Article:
Free Electrical Advice
Electricity is used everywhere in our homes and we would find life very difficult without it. Imagine no light, no heating, no kettle or hairdryer - how would we cope? Although electricity is fundamental to life as we know it, it is also potentially very dangerous. Therefore it is important that we are aware of the safety precautions we need to take to make sure we are using it safely.
Plugs, Sockets & Cables: Things to watch out for that could spell danger
hot plugs and sockets
fuses that blow for no apparent reason
scorch marks on sockets or plugs.
These are all signs of loose wiring and/or other problems. If a plug or cable becomes damaged or broken in any way THROW IT AWAY do not tape it up and continue using it.
Ensure that you DO NOT plug too many appliances into an adaptor as you could overload the socket, which can lead to overheating.
It is better to use a bar adaptor on a lead, rather than a block adaptor.
Don’t plug adaptors into adaptors. Only use one adaptor per socket.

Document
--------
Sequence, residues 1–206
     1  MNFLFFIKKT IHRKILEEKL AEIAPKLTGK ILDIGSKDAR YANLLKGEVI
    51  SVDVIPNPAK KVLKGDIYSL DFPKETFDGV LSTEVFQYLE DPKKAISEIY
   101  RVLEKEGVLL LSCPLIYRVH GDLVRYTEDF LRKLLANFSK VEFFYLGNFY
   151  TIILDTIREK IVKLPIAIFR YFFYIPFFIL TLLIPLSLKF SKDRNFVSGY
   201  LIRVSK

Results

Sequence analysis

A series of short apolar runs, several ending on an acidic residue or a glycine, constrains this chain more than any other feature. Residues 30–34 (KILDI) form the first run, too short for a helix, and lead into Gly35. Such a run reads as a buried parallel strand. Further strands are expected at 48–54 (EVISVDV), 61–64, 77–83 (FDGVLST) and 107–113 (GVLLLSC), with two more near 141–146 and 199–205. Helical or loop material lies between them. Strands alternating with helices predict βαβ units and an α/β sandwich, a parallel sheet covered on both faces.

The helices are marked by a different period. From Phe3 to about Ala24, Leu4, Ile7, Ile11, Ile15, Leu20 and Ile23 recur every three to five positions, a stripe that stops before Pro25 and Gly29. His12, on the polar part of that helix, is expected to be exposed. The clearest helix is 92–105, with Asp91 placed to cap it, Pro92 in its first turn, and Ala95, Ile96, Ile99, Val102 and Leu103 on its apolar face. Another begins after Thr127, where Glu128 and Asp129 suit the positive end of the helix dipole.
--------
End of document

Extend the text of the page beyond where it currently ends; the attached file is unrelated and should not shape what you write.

Don’t allow the total current used by the appliances plugged into the adapter to add up to more than 13 amps of current altogether - or 3,000 watts of power. So, for example, you could have two 2 amp appliances and one 5 amp in an adaptor.
That means you should never run more than one appliance that uses a lot of current, such as a kettle or television, from one socket.
Badly Wired Plugs
If any wires are sticking out of a plug, not only could they be pulled loose but water, dust or debris could get inside the plug and become a potential fire hazard.
The fuse is designed to stop overheating. If the wrong fuse is fitted and there’s a problem, a fire could occur. The following indicates the correct fuse that should be used depending on the wattage of the appliance in question:
appliances that use up to 700 watts: 3 amp fuse
appliances that use 700 to 1000 watts: 5 amp fuse
appliance that use 1000+ watts: 13 amp fuse
If in any doubt check the appliance handbook.
The Danger of Water & Other Liquids
Don’t let cables or plugs get wet. Keep ALL liquids away from electrical appliances. For example don’t put a vase on top of the TV and don’t fill the kettle up when it’s plugged in.
All About Part P